The final assessment in Block 1 of my audited HarvardX course, “China Humanities: The Individual in Chinese Culture,” asked us to compare and contrast Confucius’ Analects 2.4 with Frank Sinatra’s song, “My Way.” The open response encouraged us to examine the nature of self, what it means for that self to live a good life, what is freedom. The final suggestion was to respond to which conception of self appeals to us more.
“My Way” can easily be found online (https://www.youtube.com/watch?v=6E2hYDIFDIU). Here is Confucius: “The master said, ‘At age fifteen, I set my intent on studying; at thirty I established myself; at forty I was no longer deluded; at fifty I understood the mandates of Heaven; at sixty my ear accorded; at seventy I followed what my heart desired without transgression.’”
Here is my edited answer:
Confucius and Sinatra are each satisfied with their respective lives. Yet why they each view their life as well lived stem from decidedly different concepts of self. One encapsulates a broad, outward-looking vision, while the other is narrower and inward looking. One sees life as a journey flowing through time, while the other views it as a prize fight.
Confucius has an expansive, measured concept of leading a good life. This passage illuminates the ritual (li) toward which he believes a good life is to be directed. The ritual is that of methodically undergoing and completing the stages of his life (studying, establishing, maturing, awareness, peace, and freedom). It is not quick, and it is not for the moment. He does not seek personal gratification in the immediate present, but rather pursues a lifelong course to learn and develop deeper. While not expressly stated (what is in classical Chinese?), he is cultivating himself to try and relate to a broader community, to those around him, to the world. As we learned, he strives to be aware of others, to support and promote them, to build relationships, and in this way help all, himself included, to flourish.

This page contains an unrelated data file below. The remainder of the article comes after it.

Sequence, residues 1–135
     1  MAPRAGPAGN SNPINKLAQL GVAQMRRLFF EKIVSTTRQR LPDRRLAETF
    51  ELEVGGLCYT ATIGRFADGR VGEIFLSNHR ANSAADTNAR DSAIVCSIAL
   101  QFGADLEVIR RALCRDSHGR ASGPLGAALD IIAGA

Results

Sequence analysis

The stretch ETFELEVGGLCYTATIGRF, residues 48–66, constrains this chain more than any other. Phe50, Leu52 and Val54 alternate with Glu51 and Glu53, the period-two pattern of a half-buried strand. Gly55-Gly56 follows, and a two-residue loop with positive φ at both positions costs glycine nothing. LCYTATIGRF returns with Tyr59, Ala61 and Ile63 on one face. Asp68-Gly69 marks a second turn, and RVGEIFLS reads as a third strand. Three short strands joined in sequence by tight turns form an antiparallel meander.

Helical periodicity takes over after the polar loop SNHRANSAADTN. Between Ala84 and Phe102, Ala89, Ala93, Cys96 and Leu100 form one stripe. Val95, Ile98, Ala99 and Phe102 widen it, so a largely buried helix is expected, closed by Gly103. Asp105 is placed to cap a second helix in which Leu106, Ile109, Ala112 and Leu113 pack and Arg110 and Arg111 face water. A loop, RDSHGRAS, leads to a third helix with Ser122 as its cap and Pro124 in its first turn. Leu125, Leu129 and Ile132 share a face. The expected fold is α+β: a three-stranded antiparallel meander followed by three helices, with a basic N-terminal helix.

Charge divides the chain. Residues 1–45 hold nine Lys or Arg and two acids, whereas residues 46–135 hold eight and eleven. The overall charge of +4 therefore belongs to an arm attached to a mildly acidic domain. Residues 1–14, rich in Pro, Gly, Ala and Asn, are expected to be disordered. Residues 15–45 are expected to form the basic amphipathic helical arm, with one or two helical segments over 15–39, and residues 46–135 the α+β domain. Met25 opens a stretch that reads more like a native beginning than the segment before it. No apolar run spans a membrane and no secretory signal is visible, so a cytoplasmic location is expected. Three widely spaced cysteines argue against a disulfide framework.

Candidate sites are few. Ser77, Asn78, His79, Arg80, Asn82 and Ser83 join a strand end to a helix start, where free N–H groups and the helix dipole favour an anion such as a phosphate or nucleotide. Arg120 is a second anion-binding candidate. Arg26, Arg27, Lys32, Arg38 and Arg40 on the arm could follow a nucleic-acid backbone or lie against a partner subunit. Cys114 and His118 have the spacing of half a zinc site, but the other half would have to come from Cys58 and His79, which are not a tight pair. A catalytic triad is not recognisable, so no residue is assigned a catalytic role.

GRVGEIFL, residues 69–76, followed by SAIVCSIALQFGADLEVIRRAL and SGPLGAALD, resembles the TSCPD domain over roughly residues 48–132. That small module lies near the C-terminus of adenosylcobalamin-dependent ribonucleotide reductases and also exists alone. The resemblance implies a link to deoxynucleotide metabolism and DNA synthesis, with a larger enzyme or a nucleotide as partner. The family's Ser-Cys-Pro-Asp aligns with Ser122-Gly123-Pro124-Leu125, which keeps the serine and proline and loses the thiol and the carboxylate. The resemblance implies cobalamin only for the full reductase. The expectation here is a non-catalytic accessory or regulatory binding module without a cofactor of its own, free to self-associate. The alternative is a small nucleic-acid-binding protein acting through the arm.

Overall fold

The goal as outlined in other of his writings is to develop and promote humaneness (ren), to have a sense of caring for others, to see the world as they see it, to appreciate how their lives and experiences and responses are not only their own, but also as they are impacted by the circumstances of their respective lives. By being learned, clear-minded, mature, caring, aware, and in harmony with the world, this led Confucius to wisdom, to satisfaction with a life lived beyond himself, but true to himself. His notion of self is tied up in the progression of this process. For Confucius, this is freedom earned through extensive study and effort.